Photos from the surface of the 67P/Churyumov-Gerasimenko comet

Friday, 21 November, 2014

Landing a probe, or a craft with a human crew, on another planet or moon, is hard enough, so imagine the know-how required to set down on a comet. Still, that’s what the European Space Agency succeeded in doing last week, when its Rosetta mission landed a probe on the surface of the comet 67P/Churyumov-Gerasimenko.

Needless to say, the photos collected by the probes concerned, during the approach to the comet, and then the landing, are spectacular. To say the least.

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Do you really want to live on Mars? Then read this first…

Friday, 21 November, 2014

If you’re a regular visitor here, then the Mars One project will require no introduction. In short, the idea is to send people to Mars, on a way ticket, to establish a human colony there.

Make no mistake, living on, or more to the point, under Mars, as conditions on the surface are far from hospitable, won’t be easy though. In fact anyone considering signing up ought to have a read of this blunt assessment of the prospect

“They’re going to be living like moles,” Willson says. “I don’t think that the people who volunteered really appreciate that they’re going to spend the rest of their lives living in a submarine.” The first colonists would likely spend most of their time repairing the equipment that is keeping them alive. “Replacing parts and replacing a toothbrush, having toilet paper – there are some things that modern society expects and does and there would be significant degrading of your lifestyle on Mars,” says Willson.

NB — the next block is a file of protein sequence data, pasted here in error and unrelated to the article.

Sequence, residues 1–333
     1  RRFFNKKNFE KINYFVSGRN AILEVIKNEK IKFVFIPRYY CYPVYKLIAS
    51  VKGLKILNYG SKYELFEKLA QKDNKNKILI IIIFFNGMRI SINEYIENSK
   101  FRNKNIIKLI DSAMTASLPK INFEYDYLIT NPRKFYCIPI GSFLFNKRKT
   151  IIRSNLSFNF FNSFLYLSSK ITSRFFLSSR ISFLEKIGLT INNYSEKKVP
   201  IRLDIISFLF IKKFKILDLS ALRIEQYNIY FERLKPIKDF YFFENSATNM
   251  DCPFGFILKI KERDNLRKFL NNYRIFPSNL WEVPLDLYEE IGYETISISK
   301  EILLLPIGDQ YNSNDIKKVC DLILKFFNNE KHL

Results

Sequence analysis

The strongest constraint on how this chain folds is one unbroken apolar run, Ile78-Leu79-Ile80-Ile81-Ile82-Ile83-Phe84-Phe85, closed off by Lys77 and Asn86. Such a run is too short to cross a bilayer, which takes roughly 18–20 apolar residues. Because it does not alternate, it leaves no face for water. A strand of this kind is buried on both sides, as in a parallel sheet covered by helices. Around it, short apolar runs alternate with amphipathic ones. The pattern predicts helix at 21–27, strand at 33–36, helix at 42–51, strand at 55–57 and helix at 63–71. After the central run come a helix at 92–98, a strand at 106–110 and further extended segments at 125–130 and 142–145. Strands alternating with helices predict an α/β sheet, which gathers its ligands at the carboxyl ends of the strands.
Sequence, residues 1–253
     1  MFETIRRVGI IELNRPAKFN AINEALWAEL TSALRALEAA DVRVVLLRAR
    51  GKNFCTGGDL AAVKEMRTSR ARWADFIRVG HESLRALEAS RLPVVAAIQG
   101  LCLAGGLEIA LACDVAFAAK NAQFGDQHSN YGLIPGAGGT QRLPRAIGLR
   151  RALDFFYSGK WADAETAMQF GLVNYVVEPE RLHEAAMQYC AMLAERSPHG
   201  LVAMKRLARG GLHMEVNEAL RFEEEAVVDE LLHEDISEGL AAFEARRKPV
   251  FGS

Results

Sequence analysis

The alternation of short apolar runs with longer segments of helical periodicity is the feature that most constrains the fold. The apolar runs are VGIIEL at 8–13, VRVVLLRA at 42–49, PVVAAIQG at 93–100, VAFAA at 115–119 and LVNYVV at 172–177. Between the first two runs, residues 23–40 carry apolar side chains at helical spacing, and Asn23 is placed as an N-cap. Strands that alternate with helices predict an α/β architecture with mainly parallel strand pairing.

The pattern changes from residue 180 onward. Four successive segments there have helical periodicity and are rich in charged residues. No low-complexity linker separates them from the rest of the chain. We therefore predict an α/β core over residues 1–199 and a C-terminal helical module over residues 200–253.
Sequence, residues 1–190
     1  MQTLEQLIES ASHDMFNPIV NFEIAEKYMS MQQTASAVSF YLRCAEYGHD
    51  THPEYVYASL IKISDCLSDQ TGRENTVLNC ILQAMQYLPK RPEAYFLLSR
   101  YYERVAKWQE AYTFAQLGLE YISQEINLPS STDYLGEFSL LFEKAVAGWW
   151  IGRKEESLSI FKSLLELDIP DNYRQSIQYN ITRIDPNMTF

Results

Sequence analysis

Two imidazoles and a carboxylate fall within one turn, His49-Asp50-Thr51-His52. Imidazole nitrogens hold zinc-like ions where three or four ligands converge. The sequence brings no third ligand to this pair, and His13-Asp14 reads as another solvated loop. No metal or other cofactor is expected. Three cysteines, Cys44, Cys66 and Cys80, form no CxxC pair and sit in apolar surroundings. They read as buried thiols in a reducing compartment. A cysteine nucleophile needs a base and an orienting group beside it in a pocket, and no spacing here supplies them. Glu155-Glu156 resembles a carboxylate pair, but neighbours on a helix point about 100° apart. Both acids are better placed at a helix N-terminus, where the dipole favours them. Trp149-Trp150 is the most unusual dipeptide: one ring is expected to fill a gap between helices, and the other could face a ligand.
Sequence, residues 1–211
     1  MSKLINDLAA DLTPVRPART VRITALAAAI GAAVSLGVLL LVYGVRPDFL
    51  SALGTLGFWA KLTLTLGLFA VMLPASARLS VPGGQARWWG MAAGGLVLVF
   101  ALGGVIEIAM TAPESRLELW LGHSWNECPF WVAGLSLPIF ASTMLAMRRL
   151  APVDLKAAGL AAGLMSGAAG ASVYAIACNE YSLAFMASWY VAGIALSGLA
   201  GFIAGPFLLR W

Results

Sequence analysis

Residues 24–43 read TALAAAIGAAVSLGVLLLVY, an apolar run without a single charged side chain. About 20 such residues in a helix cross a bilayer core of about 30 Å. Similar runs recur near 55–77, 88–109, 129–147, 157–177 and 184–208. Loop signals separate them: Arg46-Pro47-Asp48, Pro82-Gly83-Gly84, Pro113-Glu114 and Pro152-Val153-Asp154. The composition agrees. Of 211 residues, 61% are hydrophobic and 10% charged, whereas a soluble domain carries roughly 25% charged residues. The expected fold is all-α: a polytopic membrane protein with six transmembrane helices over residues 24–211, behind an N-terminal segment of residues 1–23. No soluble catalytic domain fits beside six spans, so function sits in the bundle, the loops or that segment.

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An “Interstellar” Earth, can it be averted?

Tuesday, 18 November, 2014

The world in which Interstellar, US director Christopher Nolan’s latest feature, is set, is not one many of us would wish to live in, on account of an abundance of pestilence and dust storms. In fact, humanity is looking into finding another planet to move to, so bad are conditions on Earth.

But can we avoid such a bleak future in reality? Quite possibly, yes. Would we, however, want to give up on the search for another planet to migrate to, should, for whatever reason, the need arise? No, quite possibly not (warning, “Interstellar” spoilers):

Even with our efforts to keep Earth pumping out enough food to feed the billions of people who live here, there is some chance that the planet will not forever be a safe home for humanity. In that light, we should be looking for other places to live, a backup plan in case of global failure.

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It’s just another day in the planetary neighbourhood

Monday, 17 November, 2014

Photo by Chinese National Space Administration

The Moon and Earth from a perspective that we don’t see too often, taken by the Chang’e 5-T1, a China National Space Administration (CNSA) space probe, on a recent test flight to the Moon.

Via The Universe™.